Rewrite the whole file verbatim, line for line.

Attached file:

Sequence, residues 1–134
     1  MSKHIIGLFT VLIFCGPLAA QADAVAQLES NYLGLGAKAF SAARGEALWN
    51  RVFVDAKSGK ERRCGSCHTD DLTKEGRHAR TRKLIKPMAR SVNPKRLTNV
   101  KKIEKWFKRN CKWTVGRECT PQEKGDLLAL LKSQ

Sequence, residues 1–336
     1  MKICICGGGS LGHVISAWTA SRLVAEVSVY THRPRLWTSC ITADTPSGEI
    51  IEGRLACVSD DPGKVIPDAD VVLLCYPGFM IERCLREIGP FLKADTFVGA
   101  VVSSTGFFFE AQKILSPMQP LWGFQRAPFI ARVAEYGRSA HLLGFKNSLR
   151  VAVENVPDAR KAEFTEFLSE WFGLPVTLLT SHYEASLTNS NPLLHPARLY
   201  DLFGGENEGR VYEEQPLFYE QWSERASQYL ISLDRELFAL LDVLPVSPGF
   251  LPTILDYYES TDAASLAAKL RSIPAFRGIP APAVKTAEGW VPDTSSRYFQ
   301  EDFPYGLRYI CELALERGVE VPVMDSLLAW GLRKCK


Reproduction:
Sequence, residues 1–134
     1  MSKHIIGLFT VLIFCGPLAA QADAVAQLES NYLGLGAKAF SAARGEALWN
    51  RVFVDAKSGK ERRCGSCHTD DLTKEGRHAR TRKLIKPMAR SVNPKRLTNV
   101  KKIEKWFKRN CKWTVGRECT PQEKGDLLAL LKSQ

Sequence, residues 1–336
     1  MKICICGGGS LGHVISAWTA SRLVAEVSVY THRPRLWTSC ITADTPSGEI
    51  IEGRLACVSD DPGKVIPDAD VVLLCYPGFM IERCLREIGP FLKADTFVGA
   101  VVSSTGFFFE AQKILSPMQP LWGFQRAPFI ARVAEYGRSA HLLGFKNSLR
   151  VAVENVPDAR KAEFTEFLSE WFGLPVTLLT SHYEASLTNS NPLLHPARLY
   201  DLFGGENEGR VYEEQPLFYE QWSERASQYL ISLDRELFAL LDVLPVSPGF
   251  LPTILDYYES TDAASLAAKL RSIPAFRGIP APAVKTAEGW VPDTSSRYFQ
   301  EDFPYGLRYI CELALERGVE VPVMDSLLAW GLRKCK